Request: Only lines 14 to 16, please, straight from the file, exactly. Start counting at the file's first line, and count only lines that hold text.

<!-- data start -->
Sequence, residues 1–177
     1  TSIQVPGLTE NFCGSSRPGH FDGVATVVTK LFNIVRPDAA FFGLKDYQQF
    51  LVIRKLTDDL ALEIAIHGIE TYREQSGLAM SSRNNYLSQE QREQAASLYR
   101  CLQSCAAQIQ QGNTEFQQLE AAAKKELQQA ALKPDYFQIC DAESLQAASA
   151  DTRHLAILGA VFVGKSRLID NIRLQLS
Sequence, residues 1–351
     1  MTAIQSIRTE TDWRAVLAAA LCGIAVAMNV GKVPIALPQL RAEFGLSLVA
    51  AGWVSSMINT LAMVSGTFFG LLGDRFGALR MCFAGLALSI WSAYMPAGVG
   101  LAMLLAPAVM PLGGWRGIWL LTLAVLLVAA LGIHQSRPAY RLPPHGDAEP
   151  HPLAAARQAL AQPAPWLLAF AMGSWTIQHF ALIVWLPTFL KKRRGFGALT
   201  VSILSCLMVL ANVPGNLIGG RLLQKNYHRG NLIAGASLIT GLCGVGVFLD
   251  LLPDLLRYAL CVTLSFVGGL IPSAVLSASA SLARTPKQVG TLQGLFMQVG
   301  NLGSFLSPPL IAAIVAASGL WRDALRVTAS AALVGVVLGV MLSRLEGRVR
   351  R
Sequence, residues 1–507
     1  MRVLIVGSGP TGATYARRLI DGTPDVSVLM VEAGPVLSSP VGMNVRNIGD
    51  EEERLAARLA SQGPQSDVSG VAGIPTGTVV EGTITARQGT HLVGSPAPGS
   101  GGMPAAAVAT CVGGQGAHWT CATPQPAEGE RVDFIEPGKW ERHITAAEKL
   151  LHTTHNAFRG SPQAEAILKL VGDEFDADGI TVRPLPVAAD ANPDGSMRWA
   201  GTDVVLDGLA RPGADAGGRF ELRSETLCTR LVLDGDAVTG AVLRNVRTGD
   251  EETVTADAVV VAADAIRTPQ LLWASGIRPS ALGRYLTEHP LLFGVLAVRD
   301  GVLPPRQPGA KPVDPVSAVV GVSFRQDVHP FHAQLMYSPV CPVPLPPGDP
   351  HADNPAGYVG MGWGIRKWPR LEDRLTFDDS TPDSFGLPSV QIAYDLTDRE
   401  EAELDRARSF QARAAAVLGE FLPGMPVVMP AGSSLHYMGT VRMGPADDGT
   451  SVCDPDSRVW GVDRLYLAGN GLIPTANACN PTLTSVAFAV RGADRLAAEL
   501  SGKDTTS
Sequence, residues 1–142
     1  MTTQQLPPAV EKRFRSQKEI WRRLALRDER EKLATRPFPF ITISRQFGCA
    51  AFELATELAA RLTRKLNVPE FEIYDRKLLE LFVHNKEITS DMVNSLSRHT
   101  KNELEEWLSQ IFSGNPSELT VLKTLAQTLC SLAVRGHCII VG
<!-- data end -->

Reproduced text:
   351  R
Sequence, residues 1–507
     1  MRVLIVGSGP TGATYARRLI DGTPDVSVLM VEAGPVLSSP VGMNVRNIGD